As industry changes and evolves to meet future needs, so does Johnson College.

This year, Northeastern Pennsylvania’s only two-year, hands-on, technical college will look to the future as our campus prepares for significant improvements that will change the landscape of North Scranton. The college is preparing to construct a new building to replace Richmond Hall. As our plans move forward it is important to recognize Richmond Hall’s significance in our history.

The William H. Richmond estate, which included a part of Richmond Hall, was donated more than 100 years ago to create Orlando S. Johnson’s dream of establishing and maintaining a trade school, where young people can be taught useful arts and trades that enable them to make an honorable living and become contributing members of society. While students and alumni didn’t spend as much time in Richmond Hall as they did within the walls of their academic program buildings, it was the first building they walked by or drove past when they arrived on campus. In turn, it became a symbol as the gateway to their future careers.

Since Richmond Hall was first utilized by staff and students in 1912, the mission of Johnson College has remained unwavering. We provide real-world, hands-on learning in a caring environment that prepares graduates to enter into or advance their careers. We partner with industry to ensure that students get the education and skills needed for in-demand, essential careers.

At Johnson College, we play an important role in the higher education space, filling a critical niche with career-focused, technical education. We balance industry’s immediate need with where it’s headed. Students learn skills they can apply at their current job and at jobs that have yet to be created. The quality and type of education that Johnson College provides works, as evidenced by our graduate’s high placement rate and constant employer contact asking for more skilled graduates to fill their positions. At Johnson College, we are innovating to educate our students fast enough to meet employer demands, without ever sacrificing the quality of education for which we are known.

From our humble beginnings as a finishing institute offering only three courses of study, Johnson College has grown to become a two-year, accredited, nonprofit college providing the best technicians and technologists to the region.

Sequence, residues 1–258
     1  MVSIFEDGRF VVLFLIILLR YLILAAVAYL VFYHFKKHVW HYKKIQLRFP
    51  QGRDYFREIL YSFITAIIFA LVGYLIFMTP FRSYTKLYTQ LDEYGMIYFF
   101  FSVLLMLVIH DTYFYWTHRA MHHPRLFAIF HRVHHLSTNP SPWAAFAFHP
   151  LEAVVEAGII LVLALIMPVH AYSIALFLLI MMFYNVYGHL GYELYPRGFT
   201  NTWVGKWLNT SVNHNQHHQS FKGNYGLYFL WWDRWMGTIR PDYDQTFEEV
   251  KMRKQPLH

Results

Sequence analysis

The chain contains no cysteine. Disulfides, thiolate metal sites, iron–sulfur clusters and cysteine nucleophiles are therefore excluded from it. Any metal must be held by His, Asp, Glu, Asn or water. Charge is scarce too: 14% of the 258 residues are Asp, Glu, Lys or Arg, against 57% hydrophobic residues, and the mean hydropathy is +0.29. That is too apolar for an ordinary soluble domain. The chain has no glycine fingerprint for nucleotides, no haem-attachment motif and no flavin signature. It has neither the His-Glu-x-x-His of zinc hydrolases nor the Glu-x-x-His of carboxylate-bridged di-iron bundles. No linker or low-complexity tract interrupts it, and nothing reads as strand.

Beyond academics, the college has been ranked number one for immediate return on a graduate’s investment for education among local institutions based on a 10-year return in a recent Georgetown University study; was ranked number 10 on Forbes’ Top 25 Two-Year Trade Schools in 2018; and our graduates earned pass rates above 94% on national level exams. Johnson College students are introduced to industry when they walk on campus for their first class or lab, and a majority of them start their career in their field before they walk across the stage at commencement.

As we continue to grow, our campus will change. Preparation for the new space that will replace Richmond Hall will begin soon and construction of the new building is scheduled to start later this year. To honor the original building’s legacy, parts of Richmond Hall will be repurposed throughout campus.

While the structure that is Richmond Hall will no longer stand, the symbol of Johnson College’s gateway to the future will remain. This new building will celebrate the intersection between higher education and industry; carry Orlando S. Johnson’s legacy forward; and be a space where prospective students will begin with the end in mind: their future career. It will offer classroom and lab spaces where students will get to see and use equipment they will utilize out in the workforce, meeting space that will be used by the college community and industry partners and student-facing offices such as academics, enrollment and financial aid. Employer and industry partners will be featured throughout.

Today, Johnson College is much different than it was in 1912. We stick to our roots, even as we evolve and grow. As president and CEO, I am extremely proud of our past, and I am excited that Johnson College graduates continue to be an essential asset to Northeastern Pennsylvania’s industries.

With so much uncertainty in the world, Johnson College remains a constant. We will always work to produce the skilled technicians needed for the workforce. Richmond Hall will be missed, but our commitment to our region remains strong. This is what will pave the way for the next 100 years and beyond.